• Speech Representation and Models: a new articulatory modeling paradigm for controlling synthesis quality

This is an essential resource for all researchers working in speech synthesis and related areas such as multimedia signal processing, linguistics, and spoken user interfaces. It will also be valuable to any engineer, developer, or manager who must evaluate the latest speech recognition technologies orintegrate them into practical applications.

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Product Details

  • ISBN-13: 9780131456617
  • Publisher: Prentice Hall Professional Technical Reference
  • Publication date: 8/3/2004
  • Pages: 288
  • Product dimensions: 7.22 (w) x 9.64 (h) x 0.91 (d)

Table of Contents

1 Reducing discontinuities at synthesis time for corpus-based speech synthesis 1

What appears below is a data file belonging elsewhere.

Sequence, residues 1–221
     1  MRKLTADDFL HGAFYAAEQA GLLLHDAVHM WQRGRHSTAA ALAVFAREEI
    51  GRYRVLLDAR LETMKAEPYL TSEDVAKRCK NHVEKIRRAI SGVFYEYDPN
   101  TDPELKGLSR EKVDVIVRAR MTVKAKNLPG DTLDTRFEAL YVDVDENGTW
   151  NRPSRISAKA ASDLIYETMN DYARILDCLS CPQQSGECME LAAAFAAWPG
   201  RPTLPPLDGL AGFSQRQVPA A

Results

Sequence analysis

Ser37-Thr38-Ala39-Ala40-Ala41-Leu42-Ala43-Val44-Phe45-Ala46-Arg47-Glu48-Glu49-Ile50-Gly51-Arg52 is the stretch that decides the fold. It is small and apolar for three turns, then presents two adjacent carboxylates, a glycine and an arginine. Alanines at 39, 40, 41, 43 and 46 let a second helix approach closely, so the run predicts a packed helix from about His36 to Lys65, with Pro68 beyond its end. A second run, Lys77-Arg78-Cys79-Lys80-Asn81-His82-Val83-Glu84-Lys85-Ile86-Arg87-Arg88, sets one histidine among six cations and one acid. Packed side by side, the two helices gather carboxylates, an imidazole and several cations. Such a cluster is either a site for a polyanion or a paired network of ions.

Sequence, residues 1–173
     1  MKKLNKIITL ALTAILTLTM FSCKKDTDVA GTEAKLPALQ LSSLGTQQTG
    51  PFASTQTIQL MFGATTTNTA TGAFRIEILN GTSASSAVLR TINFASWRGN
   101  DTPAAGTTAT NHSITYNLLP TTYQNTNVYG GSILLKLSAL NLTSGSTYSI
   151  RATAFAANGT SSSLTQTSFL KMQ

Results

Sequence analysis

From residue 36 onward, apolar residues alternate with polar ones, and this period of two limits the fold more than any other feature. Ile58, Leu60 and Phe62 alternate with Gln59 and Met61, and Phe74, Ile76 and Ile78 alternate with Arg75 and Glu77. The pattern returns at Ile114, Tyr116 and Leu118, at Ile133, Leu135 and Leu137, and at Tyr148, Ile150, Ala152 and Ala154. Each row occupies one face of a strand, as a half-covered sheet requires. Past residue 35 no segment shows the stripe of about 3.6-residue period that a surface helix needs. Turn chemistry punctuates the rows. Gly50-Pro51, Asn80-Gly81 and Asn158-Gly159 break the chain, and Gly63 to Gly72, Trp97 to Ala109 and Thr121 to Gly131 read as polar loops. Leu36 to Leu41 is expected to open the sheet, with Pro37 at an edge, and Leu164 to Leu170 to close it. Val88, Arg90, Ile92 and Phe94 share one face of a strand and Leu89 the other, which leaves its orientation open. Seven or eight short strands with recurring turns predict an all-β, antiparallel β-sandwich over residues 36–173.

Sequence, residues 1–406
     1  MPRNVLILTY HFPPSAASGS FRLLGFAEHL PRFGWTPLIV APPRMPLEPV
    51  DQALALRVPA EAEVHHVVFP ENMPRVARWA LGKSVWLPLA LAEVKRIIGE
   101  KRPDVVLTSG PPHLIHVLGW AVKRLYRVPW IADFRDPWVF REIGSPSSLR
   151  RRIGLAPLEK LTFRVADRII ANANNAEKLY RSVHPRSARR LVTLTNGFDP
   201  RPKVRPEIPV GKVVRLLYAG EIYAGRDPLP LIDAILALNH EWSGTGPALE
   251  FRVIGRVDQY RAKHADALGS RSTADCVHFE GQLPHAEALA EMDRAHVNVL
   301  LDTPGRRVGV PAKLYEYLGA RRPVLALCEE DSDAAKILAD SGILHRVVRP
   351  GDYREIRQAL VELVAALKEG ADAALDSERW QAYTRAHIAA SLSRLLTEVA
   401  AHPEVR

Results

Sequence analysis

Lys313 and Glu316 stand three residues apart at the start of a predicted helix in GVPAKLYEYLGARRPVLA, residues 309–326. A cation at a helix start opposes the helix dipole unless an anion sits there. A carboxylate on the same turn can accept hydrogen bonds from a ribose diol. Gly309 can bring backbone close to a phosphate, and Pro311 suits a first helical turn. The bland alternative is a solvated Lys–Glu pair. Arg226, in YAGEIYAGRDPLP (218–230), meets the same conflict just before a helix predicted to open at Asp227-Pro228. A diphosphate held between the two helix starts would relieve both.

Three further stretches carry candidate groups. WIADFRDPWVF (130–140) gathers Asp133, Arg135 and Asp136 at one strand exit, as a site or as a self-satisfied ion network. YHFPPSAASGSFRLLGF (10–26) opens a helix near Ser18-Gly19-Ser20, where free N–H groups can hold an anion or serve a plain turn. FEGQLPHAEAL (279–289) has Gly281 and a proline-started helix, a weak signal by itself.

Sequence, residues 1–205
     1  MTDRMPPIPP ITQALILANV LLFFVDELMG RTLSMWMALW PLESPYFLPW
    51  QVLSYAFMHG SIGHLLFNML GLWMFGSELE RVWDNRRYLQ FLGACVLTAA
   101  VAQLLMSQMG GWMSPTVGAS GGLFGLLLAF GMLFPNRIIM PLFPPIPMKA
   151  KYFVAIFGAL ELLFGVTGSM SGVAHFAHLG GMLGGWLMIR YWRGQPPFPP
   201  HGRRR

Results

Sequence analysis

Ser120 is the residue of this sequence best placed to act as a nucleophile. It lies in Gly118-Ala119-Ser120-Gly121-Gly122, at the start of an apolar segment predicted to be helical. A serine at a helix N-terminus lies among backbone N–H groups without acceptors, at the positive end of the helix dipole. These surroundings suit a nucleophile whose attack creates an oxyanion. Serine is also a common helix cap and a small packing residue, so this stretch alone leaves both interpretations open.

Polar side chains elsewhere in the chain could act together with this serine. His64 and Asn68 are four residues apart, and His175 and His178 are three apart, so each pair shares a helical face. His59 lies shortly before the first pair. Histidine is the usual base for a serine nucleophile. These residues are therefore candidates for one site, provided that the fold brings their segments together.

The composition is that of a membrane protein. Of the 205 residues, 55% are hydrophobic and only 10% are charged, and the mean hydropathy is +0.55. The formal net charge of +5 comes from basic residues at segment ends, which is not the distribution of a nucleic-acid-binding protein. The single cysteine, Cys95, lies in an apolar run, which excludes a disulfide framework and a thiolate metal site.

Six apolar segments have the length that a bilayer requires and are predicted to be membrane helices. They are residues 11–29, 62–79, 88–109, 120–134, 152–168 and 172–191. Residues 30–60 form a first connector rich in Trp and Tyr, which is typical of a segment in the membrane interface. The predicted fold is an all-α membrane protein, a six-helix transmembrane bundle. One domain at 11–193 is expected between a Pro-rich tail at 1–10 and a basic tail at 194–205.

2 Voice quality variation in a long-term recording of a single speaker speech corpus 19
3 Join cost for unit selection speech synthesis 35
4 Articulatory modeling : a role in concatenative text to speech synthesis 63
5 Minimizing the amount of pitch modification in speech synthesis 89
6 The use of speech recognition technology in speech synthesis 109
7 An HMM-based approach to multilingual speech synthesis 135
8 Prosody control for HMM-based Japanese TTS 155
9 Synthesizing expressive speech overview : challenges, and open questions 175
10 Unit selection synthesis of prosody : evaluation using diphone transplantation 203
11 Toward expressive synthetic speech 219
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Introduction

Speech synthesis research has attracted renewed interest worldwide. There have been several recent conferences on speech synthesis where current approaches and advances have been highlighted. The goal of this book is to provide an in-depth exposition of some of the recent trends and novel directions in the field. This book was inspired largely by an IEEE-sponsored workshop held in September 2002 in Santa Monica, California, and was dedicated to the memory of Mike Macon, a speech synthesis researcher who tragically passed away at a young age. The Foreword by Jan Van Santen highlights some of Mike's important contributions to the field.